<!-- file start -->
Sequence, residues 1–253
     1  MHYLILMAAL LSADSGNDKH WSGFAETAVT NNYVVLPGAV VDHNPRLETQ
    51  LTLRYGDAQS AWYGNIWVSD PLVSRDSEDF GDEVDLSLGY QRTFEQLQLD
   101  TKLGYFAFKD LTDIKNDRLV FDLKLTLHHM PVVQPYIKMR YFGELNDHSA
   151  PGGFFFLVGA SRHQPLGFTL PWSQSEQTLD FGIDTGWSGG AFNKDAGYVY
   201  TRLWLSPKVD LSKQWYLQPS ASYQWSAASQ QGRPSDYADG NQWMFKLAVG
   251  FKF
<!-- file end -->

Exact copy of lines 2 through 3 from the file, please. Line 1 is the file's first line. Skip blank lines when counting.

     1  MHYLILMAAL LSADSGNDKH WSGFAETAVT NNYVVLPGAV VDHNPRLETQ
    51  LTLRYGDAQS AWYGNIWVSD PLVSRDSEDF GDEVDLSLGY QRTFEQLQLD